Glaucoma is a disease of the optic nerve where there is a progressive loss of neurons usually related to high pressure within the eye (elevated intraocular pressure or IOP over 21 mm of mercury). In a subtype of glaucoma called normal tension glaucoma, vision loss can occur with IOP’s less than 21. This type of glaucoma can be more difficult to diagnosis since low pressures can mask the diagnosis.
Glaucoma is one of the most common causes of blindness in the United States, along with cataracts, diabetic retinopathy and macular degeneration
If the nerve is damaged beyond a certain point, the quality of vision suffers. The loss unfortunately is irreversible.
Visual loss in glaucoma has been described as silent and insidious.
If you are worried or concerned about glaucoma, our center is to will analyze your eyes and advise you appropriately. Along with Dr. Stone, his technical and professional staff are specialized in glaucoma care. The office is equipped with the most up to date equipment and computer imaging for glaucoma detection and monitoring.
Optic Nerve Anatomy
The optic nerve travels from the eye to the brain and carries over 1,000,000 neurons of vision information. It is only 2.0 mm in diameter. It has two components: an outer portion called the optic disk and inner portion called the cup. The cup is always smaller than the disk and the relative size of one to the other is called the cup disk ratio. The cup disk ratio (C/D) ranges from 0.0 to 0.99. An average cup/disk ratio is 0.1 to 0.5. The lower the cup disk ratio the less likelihood of glaucoma.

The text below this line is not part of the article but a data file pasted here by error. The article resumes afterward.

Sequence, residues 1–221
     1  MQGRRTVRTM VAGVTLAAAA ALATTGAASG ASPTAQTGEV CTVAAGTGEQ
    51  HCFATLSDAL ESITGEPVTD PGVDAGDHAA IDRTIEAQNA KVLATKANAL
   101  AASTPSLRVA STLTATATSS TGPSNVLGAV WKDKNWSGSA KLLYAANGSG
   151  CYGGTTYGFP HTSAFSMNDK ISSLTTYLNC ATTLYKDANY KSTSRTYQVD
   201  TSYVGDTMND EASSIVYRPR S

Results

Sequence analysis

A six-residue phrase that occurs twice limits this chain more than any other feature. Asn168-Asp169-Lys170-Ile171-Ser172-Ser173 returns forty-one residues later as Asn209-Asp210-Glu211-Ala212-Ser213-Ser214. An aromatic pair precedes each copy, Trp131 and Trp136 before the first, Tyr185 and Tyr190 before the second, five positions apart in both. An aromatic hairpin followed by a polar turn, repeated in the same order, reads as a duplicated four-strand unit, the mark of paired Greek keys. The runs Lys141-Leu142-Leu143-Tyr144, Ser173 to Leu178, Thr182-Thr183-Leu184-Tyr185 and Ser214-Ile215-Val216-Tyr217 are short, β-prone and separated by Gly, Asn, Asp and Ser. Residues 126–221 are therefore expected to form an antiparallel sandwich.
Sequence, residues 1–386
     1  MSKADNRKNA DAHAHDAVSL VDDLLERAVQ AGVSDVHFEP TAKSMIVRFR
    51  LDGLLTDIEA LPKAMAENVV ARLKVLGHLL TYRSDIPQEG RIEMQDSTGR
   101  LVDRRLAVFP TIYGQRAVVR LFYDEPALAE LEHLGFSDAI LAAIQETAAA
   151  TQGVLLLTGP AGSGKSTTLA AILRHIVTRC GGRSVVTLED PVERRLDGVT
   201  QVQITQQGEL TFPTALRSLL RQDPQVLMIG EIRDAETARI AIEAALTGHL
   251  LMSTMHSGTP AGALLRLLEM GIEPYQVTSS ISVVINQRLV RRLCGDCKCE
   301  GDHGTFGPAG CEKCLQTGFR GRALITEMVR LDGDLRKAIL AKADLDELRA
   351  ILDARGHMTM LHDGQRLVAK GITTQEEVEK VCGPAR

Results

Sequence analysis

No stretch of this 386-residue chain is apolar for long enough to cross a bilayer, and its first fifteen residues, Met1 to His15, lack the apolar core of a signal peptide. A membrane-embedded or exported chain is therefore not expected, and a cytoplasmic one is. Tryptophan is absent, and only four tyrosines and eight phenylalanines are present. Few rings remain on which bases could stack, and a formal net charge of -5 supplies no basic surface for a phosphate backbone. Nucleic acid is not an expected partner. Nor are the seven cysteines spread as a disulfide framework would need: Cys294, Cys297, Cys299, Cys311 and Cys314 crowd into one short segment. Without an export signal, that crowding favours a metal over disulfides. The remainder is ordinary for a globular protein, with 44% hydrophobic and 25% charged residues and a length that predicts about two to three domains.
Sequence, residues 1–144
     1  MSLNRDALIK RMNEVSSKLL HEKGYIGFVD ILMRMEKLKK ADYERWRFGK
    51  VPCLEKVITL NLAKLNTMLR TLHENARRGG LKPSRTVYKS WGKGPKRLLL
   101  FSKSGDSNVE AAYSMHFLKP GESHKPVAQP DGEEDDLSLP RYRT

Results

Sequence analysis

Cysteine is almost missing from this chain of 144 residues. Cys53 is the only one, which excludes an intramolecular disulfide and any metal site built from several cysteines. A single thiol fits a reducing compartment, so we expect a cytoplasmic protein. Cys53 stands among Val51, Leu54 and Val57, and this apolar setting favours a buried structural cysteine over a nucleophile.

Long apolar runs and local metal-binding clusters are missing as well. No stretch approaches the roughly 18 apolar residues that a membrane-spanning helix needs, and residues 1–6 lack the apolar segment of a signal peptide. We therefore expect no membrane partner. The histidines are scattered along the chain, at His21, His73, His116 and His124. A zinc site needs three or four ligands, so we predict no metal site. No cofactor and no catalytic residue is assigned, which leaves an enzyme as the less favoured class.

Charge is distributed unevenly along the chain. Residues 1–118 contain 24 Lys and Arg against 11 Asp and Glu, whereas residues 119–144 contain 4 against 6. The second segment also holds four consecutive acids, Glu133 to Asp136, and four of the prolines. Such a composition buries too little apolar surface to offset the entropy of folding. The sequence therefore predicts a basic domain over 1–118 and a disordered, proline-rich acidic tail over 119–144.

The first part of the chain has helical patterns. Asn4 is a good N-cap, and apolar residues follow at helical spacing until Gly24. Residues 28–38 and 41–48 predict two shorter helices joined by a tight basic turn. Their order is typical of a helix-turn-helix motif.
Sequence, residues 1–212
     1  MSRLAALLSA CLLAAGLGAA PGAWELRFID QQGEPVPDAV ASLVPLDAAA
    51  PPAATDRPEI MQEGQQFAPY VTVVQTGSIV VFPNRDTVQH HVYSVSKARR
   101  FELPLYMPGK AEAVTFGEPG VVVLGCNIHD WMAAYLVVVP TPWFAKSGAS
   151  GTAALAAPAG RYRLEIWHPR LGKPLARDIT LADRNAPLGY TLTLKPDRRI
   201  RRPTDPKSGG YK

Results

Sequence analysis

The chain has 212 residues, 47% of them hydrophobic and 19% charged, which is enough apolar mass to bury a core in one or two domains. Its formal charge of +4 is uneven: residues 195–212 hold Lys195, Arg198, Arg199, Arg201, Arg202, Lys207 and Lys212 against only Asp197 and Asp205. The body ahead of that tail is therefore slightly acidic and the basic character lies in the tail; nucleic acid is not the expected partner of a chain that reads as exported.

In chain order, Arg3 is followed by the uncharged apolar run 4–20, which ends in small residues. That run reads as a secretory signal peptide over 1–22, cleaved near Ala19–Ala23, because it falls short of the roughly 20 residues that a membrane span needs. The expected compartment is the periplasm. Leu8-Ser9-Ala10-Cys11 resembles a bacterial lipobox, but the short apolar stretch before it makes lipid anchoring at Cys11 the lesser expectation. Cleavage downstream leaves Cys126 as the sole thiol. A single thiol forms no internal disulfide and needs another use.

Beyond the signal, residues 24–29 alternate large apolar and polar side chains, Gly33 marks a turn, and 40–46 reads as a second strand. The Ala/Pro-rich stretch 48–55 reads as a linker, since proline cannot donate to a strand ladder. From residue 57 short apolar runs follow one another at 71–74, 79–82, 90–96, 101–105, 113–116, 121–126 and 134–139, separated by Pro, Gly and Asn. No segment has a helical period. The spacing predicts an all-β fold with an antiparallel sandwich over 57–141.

Cup disk ratios over 0.5 are suspicious as are any patients where the cup disk ratio differs by .2 or more between the two eyes.
There are other portions of the nerve referred to as the ganglion cell layer and the retinal nerve fiber layer.
These are portions of the nerve where the thickness can be measured and
compared to age matched controls with advanced imaging called Zeiss Ocular Coherence Tomography (OCT). This remarkable device takes sections of the optic nerve and retina with optical imaging analogous to a CAT scan. Stone Eye Center was the first glaucoma practice in Chicago to adapt spectral domain Cirrus OCT as its standard for glaucoma detection.
Dr. Stone devised a novel approach to early glaucoma detection at the American Academy of Ophthalmology in 2009, after which time his methodology has become standard. One of the precepts was that the RNFL test was one of the most important test for early detection. Other important aids for detection are: intraocular pressure, corneal thickness, visual field testing, and cup disk ratio assessment. Equally important to identifying glaucoma, is being able to discern those that do not have glaucoma, thus avoiding unnecessary treatment.
In its early stages the optic nerve may show some damage, yet the peripheral vision testing is still normal. At Stone Eye Center, we are leaders in diagnosing glaucoma in this pre-vision loss stage. . Untreated glaucoma takes 15 years on average to ravage the nerve. At the time of diagnosis one eye may be more advanced than the other.